Winged Migration Tour
Downeast Group Semipalmated Plover Quoddy view Northern Gannet Pomarine Jaeger Great Shearwater Shorebirds Boreal Chickadee

August 28 - September 1, 2020 - (Cancelled)

Maine has a way of spoiling people. Our spring season is noisy with the breeding songbirds of the northern forest. In late summer, these same birds begin to form foraging flocks prior to migration, chattering amongst themselves and revealing their locations. The beaches flood with migrating shorebirds, and the offshore waters fill with pelagic species. Many of these species nest on islands in the South Atlantic, such as Great and Sooty Shearwaters and Wilson's Storm-petrels, then spend their winters up here during our summers. Meanwhile, some subarctic breeders begin winging their way to their wintering areas in August and September. Pomarine and Parasitic Jaegers harass the gulls and shearwaters. Great and South Polar Skuas join them on rare occasions. Red and Red-necked Phalaropes congregate in mixed swarms near where whales feed.

Great Shearwater and Northern Fulmar This tour will spend two nights at the Schoodic Education and Research Center (SERC) surrounded by the mainland portion of Acadia National Park. From here, day trips will venture offshore for pelagic birds and whales, and probe the coastline for a great variety of foraging songbirds. Then, headquarters will shift to the Eastland Motel in Lubec for two nights. This motel is so ideally located, it sits within 15 minutes of Quoddy Head State Park, the South Lubec Sand Flats, Moosehorn National Wildlife Refuge, Maine Coast Heritage Trust trails in the spruce maritime forest, and Canada's Campobello Island.

Day One begins in Bangor as the group convenes for the 5-day, 4-night tour. We'll bird our way directly to the Schoodic Peninsula and arrive in time for lunch at SERC. After checking in, the afternoon will be spent exploring this section of Acadia National Park.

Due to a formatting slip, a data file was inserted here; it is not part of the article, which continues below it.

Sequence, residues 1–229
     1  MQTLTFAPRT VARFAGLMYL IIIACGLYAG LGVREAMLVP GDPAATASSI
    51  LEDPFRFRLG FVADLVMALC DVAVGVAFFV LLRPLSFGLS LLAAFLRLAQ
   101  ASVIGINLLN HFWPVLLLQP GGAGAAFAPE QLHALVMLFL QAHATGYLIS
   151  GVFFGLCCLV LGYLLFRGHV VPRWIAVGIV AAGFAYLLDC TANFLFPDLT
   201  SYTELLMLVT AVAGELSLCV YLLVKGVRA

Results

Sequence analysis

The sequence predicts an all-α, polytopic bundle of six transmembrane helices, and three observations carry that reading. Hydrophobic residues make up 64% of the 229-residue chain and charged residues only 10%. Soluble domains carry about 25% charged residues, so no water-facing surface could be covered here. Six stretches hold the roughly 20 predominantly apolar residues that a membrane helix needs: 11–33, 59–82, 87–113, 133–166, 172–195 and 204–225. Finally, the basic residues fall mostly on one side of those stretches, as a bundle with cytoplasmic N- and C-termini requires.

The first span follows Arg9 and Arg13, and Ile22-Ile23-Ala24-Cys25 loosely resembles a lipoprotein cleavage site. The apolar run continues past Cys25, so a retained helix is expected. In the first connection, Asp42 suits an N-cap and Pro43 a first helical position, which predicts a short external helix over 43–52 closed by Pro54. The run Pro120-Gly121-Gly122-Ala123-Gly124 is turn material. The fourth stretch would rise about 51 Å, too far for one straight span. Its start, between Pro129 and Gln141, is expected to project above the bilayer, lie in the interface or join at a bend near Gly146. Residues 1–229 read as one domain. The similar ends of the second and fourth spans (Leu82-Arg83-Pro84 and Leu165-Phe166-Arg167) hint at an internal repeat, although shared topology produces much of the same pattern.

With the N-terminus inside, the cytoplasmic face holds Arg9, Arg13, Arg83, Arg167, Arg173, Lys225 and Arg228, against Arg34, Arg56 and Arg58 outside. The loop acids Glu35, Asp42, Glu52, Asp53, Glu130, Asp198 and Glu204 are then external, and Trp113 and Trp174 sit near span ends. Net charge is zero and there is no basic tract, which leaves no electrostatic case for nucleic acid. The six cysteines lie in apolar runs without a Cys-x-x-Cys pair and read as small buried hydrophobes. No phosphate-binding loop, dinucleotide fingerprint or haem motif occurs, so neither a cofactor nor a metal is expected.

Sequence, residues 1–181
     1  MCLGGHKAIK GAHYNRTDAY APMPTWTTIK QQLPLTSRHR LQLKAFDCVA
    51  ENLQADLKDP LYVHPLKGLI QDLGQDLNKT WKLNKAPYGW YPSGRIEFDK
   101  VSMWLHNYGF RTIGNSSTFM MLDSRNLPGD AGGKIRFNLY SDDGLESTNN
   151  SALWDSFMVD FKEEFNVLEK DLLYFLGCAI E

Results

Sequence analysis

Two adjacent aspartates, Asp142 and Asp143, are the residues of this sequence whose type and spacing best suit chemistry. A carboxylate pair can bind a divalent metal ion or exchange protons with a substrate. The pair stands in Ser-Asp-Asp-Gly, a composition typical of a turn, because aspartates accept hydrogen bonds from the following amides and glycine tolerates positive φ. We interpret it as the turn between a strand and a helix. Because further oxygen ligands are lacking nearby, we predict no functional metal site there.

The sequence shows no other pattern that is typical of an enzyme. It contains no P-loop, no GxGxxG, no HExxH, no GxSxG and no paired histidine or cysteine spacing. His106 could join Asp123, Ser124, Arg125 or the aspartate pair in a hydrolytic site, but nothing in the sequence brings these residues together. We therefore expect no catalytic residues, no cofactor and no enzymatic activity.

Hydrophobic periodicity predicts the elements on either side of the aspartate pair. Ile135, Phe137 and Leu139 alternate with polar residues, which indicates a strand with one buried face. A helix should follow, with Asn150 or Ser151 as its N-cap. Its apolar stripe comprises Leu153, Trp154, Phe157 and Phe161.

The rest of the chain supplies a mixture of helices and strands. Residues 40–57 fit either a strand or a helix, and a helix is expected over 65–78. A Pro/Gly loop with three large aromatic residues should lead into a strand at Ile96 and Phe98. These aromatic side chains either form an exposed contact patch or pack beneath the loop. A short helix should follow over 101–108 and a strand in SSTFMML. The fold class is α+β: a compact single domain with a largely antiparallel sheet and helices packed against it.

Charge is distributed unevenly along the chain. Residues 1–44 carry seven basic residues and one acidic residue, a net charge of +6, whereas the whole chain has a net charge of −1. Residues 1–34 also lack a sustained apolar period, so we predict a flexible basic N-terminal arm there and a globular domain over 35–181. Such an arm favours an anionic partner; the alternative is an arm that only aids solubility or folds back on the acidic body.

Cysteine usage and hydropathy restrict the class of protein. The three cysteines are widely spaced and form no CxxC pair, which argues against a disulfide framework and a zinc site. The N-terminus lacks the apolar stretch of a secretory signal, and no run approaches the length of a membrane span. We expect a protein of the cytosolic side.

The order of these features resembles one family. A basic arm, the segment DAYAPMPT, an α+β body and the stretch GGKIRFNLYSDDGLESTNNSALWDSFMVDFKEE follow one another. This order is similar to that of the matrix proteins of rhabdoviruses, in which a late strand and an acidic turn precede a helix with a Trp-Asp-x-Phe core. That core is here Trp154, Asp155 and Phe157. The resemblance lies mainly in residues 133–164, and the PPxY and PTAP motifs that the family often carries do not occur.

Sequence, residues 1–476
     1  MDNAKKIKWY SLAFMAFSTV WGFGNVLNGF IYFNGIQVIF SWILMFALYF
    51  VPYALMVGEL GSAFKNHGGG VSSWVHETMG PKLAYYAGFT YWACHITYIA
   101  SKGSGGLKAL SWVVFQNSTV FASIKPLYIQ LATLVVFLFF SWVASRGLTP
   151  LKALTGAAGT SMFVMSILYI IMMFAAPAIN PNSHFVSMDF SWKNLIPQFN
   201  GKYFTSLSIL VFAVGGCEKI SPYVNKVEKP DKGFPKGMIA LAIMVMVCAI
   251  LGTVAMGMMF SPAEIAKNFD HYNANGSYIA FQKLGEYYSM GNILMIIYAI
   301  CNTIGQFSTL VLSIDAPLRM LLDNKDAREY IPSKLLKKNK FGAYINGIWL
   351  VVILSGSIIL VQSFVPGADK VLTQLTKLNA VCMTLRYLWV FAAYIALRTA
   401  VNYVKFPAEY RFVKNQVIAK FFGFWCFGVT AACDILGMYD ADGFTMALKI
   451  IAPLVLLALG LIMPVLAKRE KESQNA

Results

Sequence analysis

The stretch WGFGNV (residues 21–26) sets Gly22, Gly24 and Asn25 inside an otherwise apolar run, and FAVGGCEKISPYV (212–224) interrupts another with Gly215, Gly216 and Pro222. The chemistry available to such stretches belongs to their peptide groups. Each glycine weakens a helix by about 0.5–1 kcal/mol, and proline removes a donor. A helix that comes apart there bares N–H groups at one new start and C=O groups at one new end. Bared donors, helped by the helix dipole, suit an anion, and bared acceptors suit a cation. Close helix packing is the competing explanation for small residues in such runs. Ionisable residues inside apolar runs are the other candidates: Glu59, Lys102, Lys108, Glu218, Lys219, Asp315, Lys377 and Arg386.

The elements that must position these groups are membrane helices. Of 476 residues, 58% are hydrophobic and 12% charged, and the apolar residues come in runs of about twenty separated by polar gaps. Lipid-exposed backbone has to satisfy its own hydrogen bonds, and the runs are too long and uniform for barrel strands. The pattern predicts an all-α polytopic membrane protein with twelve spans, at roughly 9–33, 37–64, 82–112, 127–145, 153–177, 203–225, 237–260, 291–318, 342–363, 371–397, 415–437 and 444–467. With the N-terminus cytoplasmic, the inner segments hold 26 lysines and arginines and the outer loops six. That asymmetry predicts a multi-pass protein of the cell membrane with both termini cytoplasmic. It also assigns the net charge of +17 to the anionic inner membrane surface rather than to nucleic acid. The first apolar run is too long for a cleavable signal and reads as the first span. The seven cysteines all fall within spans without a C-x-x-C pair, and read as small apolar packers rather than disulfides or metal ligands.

Day Two takes us offshore into the Gulf of Maine where whales and pelagic birds congregate.

Day Three will be spent birding our way up the coast. The area above Acadia National Park is the quintessential "downeast" Maine experience. Small fishing villages dot the coastline. While Acadia's shoreline is rockbound, mudflats become more prevalent above the park, and shorebirds become abundant. This is the time of year when they are migrating through Maine, often in big numbers.

Day Four will explore all of the secret spots in the Cobscook Bay area, with a side trip onto Canada's Campobello Island. This was the famed summer home of President Franklin D. Roosevelt, and Roosevelt International Park is just across the border. Head Harbor Passage lies between the U.S. and Canada - with a tide so strong that the world's second largest whirlpool, "The Old Sow," swirls in the middle. So much sea life congregates in this channel that minke whales are usually sighted from land. The channel fills with Bonaparte's Gulls, Black-legged Kittiwakes, Common Eiders, Black Guillemots, and Razorbills, feeding off mackerel and herring.

Day Five is leader's choice, giving us a day to make up for any bad weather or missed opportunities. The tour ends in Bangor just before dinner.

Downeast Group Participants should bring binoculars, and this is a scenic tour for photography. Spotting scopes are useful and the guides will provide one for group use, as well as guidebooks and extra binoculars. A passport or other proper identification is required for visiting Campobello. This trip will not require strenuous hiking. Hikes will be slow and on level ground. There may be some spots that are muddy, uneven, and slippery, but large boots are unnecessary. Boat tours can be cold and damp. Bring appropriate clothing.

For more information, contact:

Seth Benz, Director of the Schoodic Institute Bird Ecology Lab, 207-288-1350
Bob Duchesne, co-leader, Maine Birding Trail founder.

Tour is limited to 10 participants to insure proper attention. Package price includes four nights lodging, all meals from lunch on Day One through lunch on Day Five, guided transportation by 15-passenger van, and boat excursion. Souvenirs and alcoholic beverages excluded.

Accommodations at SERC are in spacious, multi-bedroom cottages, with shared living, dining, and bathroom areas. Typically, most visitors to SERC find this shared arrangement to be roomy. Basic tour fee is $1270 per person, double occupancy in private bedroom with shared bath. However, single supplement and private apartment options are available. Accommodations at the Eastland Motel are private and unshared.

To register, open Schoodic Institute at Acadia National Park
Tel: 207-288-1350
P.O. Box 277, Winter Harbor, Maine 04693